Get your Irish up at the Davis Square Theater

On February 7, 2013, in Latest News, by The Somerville Times

(l to r) Gregg Hammer, Janice Landry, Jon Dykstra, Meredith Beck, Andrew Crowe and Irene Molloy. – Photo by Joanne Barrett

By Terence Clarey

There is a line in the song Body of an American by the Irish punk-folk group The Pogues describing attendees at the wake of an Irish-American that goes, “There were uncles giving lectures on ancient Irish history.”

That thought came to mind while viewing a performance of the late Pulitzer Prize winning author Frank McCourt’s musical The Irish and How they got that Way at the Davis Square Theater.

Although McCourt does not go into “ancient” Irish history, he does begin with a summary of Ireland’s tortured relations with Britain, through the horrors of the Potato Famine, the subsequent exodus to the shores of ‘Amerikay” and the turbulent assimilation of Irish Catholics into Protestant America.

He weaves this history into a musical tapestry that begins with early Irish folk songs and ends in a stirring rendition of U2’s I Still Haven’t Found What I’m Looking For. He also slips in a mini-tribute to Irish American composer George M. Cohan along the way.

(l to r)  Meredith Beck Irene Molloy, Jon Dykstra,Andrew Crowe,  Janice Landry and Gregg Hammer. ~Photo by Joanne Barrett.

(l to r) Meredith Beck Irene Molloy, Jon Dykstra,Andrew Crowe, Janice Landry and Gregg Hammer. ~Photo by Joanne Barrett.

If this musical play had been written by anyone other than someone like McCourt it might be seen as a stale recital of the stereotype of the Irish as potato-eating, whiskey-drinking, fighting hooligans. But with his bona fides, McCourt presents a show in which   patrons can laugh at the humor and feel the misery that has typified the Irish-American experience.

This production, directed by Danielle Paccione and produced by Howard Perloff, reunited a cast of performers who first put on the show in 2010 at the Kimmel Centre in Philadelphia and decided to bring it to Boston this year. The play started slowly but built to climaxes at the end of the first and second acts which had audience members singing and clapping along with the performers. Singing along is highly encouraged, especially with the more well known rollicking tunes.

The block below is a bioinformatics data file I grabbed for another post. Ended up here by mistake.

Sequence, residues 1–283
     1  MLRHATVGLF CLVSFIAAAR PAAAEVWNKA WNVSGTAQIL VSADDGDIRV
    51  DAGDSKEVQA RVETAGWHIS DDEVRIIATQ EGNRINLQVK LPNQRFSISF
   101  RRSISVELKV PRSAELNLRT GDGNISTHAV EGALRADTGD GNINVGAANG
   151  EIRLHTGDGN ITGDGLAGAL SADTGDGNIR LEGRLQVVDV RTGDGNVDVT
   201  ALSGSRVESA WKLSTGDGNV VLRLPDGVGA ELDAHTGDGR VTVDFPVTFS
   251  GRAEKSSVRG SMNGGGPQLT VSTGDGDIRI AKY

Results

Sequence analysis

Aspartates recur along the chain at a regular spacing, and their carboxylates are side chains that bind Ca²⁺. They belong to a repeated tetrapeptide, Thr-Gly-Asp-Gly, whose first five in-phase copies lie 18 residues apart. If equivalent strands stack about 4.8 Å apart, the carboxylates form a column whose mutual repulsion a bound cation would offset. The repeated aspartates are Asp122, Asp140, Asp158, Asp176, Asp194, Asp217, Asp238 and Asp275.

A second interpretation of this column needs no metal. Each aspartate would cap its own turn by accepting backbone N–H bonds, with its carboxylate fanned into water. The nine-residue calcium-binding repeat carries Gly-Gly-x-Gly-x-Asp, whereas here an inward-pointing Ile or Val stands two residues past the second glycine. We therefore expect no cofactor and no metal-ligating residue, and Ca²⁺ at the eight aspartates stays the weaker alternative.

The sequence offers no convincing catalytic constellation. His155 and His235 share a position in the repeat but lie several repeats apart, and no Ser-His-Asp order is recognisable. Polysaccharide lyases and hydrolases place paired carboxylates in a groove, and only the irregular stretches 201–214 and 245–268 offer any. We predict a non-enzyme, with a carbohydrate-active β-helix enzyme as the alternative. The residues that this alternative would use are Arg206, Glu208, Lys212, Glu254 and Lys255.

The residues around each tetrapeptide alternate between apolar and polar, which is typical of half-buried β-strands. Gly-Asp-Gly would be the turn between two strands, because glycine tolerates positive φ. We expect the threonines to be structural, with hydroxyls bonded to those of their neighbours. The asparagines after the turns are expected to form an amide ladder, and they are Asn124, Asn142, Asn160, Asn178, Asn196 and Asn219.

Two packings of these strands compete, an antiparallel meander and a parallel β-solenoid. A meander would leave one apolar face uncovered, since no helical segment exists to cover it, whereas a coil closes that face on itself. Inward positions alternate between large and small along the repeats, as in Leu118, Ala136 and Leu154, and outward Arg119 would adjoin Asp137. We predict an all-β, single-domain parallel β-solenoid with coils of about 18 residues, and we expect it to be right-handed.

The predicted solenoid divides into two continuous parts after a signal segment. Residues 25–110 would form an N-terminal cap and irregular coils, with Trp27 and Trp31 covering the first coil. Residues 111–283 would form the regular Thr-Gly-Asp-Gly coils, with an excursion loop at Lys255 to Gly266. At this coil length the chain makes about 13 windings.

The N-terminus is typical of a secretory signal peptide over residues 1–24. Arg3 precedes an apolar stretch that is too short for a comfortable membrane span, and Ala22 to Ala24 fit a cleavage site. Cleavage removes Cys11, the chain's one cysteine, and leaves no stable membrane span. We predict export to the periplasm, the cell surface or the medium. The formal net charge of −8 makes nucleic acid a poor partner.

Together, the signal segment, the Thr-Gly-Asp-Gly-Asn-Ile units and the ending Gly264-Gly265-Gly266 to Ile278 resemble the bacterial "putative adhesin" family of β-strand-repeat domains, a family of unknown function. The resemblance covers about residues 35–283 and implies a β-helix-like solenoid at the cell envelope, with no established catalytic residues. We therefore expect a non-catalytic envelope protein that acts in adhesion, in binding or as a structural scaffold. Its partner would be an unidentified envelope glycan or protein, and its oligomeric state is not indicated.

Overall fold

The cast consists of very talented singers, performers and musicians anchored by musical director Jon Dykstra at the piano. Andrew Crowe sang and seemed to play almost every instrument on stage, and Irene Molloy had the look of an Irish singer songwriter and voice to match.

Meredith Beck, who opened the show with an Irish step dancing routine, and who is also a dead ringer for a younger Kate Hudson, moved fluidly from her flute to the singing parts.

Janice Landry, a fiery redhead, was the most forceful voice in the group, and Gregg Hammer took on the role of comedic relief as he held down his own with a solo performance of Oh Danny Boy.

At times the performers seemed restrained, which could have been a result of the small space of the theater, but they and the audience seemed to get more comfortable as the show progressed.

If you want to learn some Irish history told in words and song, or if you want to hear the old ditties to remind you of your own Irish immigrant experience, then by all means get started on St Patrick’s Day a bit early.

The Irish and How They Got That Way, by Frank McCourt runs  through March 17 at the Davis Square Theater, 255 Elm St., Somerville. Performances are Thursday and Friday evenings at 7:30 p.m.; Saturdays at 4:00 p.m. and 7:30 p.m.; and Sunday Matinees at 3:00 p.m. Tickets are $39-$42 and are available by calling 800-660-8462 or online at Group discounts are available by calling (215) 297-8540.



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